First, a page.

A lot of people here working, gardeners and sweepers. Well, I suppose they call it working. We were reminded of their presumed communist past, in which they pretended to work, while the state pretended to pay them. A few were actually doing something, but most looked as if this was a form of outdoors leisure while they drew welfare payments.

As well as these unusually coloured peafowl, they had some albinos. There were also half a dozen black swans.

I went to meetings while Jacky explored. She reported later that the city’s riverbanks were bike paths, but there was really nothing there for the promenader.

Achilles surgery — the end

August 19, 2012

Wednesday was a physical therapy day. I also tried an experimental run for the first time: very slow, only about a mile. Sore ankle.


Last weekend, I hiked 20 miles with 4000 vertical feet, but in two days. This weekend, my goal is to do a real hike, not a killer, but one that I might do on an ordinary weekend day, and not spread over two days. Mission Peak to Sunol, for instance (16 miles, 4000 vertical feet).

On my way into Sunol headquarters, after having crossed Calaveras road, I met six or eight hikers going the other way, up toward Mission Peak. I suppose I should describe the impression they made as immature — the word clueless comes to mind, but that’s not charitable. The leader was carrying a staff topped with a feather.

I stopped at the Sunol visitor center, talked with a very nice young woman about tarantulas (I had seen the first tarantula wasp of the season just a few minutes before), snakes, horned lizards (she told me they are water-lovers: no wonder I have only ever seen one!).

After soaking up some calories and refilling the water bottle — there is no running water, but they bring jug water, and much appreciated it is! — I started back.

Clueless is perhaps the better description. Where the trail crosses Calaveras road, both gates were wide open! Just up from the road crossing, food wrappers on the trail. Half an hour further along, someone’s baseball cap, and then further, a pair of shower shoes. Clueless, indeed.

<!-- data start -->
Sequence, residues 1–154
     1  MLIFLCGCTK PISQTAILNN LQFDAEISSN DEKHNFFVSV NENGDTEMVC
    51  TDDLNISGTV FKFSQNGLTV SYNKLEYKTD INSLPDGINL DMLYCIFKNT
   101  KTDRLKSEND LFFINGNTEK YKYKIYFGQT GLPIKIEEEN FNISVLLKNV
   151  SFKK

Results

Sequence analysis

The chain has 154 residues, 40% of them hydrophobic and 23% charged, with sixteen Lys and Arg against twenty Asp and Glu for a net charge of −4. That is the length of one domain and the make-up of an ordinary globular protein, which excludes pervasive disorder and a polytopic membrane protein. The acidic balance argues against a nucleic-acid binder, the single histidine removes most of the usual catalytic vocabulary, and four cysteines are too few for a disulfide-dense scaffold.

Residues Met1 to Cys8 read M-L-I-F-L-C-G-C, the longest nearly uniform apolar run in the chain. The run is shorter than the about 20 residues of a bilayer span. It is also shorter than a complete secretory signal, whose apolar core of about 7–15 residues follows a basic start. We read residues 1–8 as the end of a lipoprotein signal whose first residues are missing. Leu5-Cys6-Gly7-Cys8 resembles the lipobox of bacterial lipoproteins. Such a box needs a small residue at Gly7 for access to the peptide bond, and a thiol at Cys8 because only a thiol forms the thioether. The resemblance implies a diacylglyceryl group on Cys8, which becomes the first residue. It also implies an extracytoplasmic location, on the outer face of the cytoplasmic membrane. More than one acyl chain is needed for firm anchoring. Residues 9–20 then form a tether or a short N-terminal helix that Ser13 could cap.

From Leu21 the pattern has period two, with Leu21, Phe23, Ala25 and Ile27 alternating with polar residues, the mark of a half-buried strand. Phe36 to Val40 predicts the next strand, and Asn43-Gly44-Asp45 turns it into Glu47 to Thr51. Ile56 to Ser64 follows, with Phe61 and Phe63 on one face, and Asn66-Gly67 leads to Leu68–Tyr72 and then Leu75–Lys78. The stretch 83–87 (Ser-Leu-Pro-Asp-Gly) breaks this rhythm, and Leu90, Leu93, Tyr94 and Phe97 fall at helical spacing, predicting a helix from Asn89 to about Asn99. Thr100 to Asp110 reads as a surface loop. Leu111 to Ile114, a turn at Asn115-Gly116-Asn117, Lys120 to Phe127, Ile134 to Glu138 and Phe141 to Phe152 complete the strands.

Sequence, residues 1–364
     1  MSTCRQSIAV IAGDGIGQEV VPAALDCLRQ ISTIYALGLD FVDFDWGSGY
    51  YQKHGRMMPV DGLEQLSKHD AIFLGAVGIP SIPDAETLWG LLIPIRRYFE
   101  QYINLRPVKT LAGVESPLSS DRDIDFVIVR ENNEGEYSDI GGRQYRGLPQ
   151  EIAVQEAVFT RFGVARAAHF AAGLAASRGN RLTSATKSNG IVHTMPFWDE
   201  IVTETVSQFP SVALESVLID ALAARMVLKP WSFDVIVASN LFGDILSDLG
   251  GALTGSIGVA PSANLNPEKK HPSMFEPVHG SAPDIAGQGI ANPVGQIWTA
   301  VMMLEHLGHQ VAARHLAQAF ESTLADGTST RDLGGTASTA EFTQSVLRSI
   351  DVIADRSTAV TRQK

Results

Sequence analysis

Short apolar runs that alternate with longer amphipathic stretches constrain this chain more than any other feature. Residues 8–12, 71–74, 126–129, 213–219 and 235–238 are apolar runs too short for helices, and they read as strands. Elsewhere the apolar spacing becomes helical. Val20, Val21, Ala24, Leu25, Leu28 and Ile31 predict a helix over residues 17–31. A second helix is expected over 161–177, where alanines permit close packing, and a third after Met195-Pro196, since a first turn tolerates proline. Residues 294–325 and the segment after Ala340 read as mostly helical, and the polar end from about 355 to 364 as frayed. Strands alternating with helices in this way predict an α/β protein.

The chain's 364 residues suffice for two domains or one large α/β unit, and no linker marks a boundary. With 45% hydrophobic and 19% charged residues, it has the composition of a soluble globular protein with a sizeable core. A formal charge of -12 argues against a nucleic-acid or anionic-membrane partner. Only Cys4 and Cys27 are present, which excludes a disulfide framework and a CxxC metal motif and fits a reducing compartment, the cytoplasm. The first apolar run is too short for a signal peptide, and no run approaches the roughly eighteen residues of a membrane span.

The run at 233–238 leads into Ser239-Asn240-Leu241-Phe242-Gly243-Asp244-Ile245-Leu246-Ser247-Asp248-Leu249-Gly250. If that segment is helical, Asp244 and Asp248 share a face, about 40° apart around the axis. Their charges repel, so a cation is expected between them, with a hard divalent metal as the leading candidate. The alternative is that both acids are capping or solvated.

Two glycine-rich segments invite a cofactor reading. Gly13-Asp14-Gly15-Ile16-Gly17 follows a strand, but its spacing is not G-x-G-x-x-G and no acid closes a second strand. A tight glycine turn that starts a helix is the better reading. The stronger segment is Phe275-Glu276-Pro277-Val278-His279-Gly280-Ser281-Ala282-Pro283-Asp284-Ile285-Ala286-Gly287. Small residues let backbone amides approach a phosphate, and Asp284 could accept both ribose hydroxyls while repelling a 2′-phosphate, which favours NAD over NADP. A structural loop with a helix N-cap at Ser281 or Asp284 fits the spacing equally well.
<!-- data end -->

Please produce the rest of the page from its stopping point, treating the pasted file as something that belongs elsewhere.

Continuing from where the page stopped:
In distinct contrast, I was overtaken by a guy who had started at the Ohlone colleage trailhead, run not only to Sunol headquarters, but up Flag Hill (twice) and on several of the other trails uphill from the headquarters. Impressive; good for him!

At the top of the climb is a more-or-less horizontal fire road that runs below Mission Peak on the east side. Two guys there, lying in the shade. Part of the Clueless gang? Another four or five over at the campground, whose appearance from a distance definitely suggested Clueless.

I didn’t go that way, turned toward the north shoulder. Where the trail breaks off to go to the top, two guys were standing, waiting, one of them striking a pose with his feathertopped stick, wondering where their loyal followers were. I answered their questions as briefly as possible, and was not in fact very helpful.

As I started down, I was asked by another guy whether that was the right trail to the parking lot. I told him there were two parking areas, but it sounded like he wanted the Stanford avenue descent. Down he went, much faster than I.

I am not wasting time, but I am also in no hurry. Today’s goal is just to do the hike. … At the bottom, my friend was waiting for the rest of his party; he confirmed that it was in fact the correct parking area.

You meet all kinds.


My ankle feels okay, so I went out for a little bike ride. 35 miles, 1700 vertical feet, nothing fancy. Only real adventure was seeing emergency medical vehicles at one of the Portola Valley churches. I wonder if they ask their god for a time-out when something like this happens? I wonder if their god grants it…. Sorry, I shouldn’t be frivolous about medical emergencies. The gods are not really involved in such things.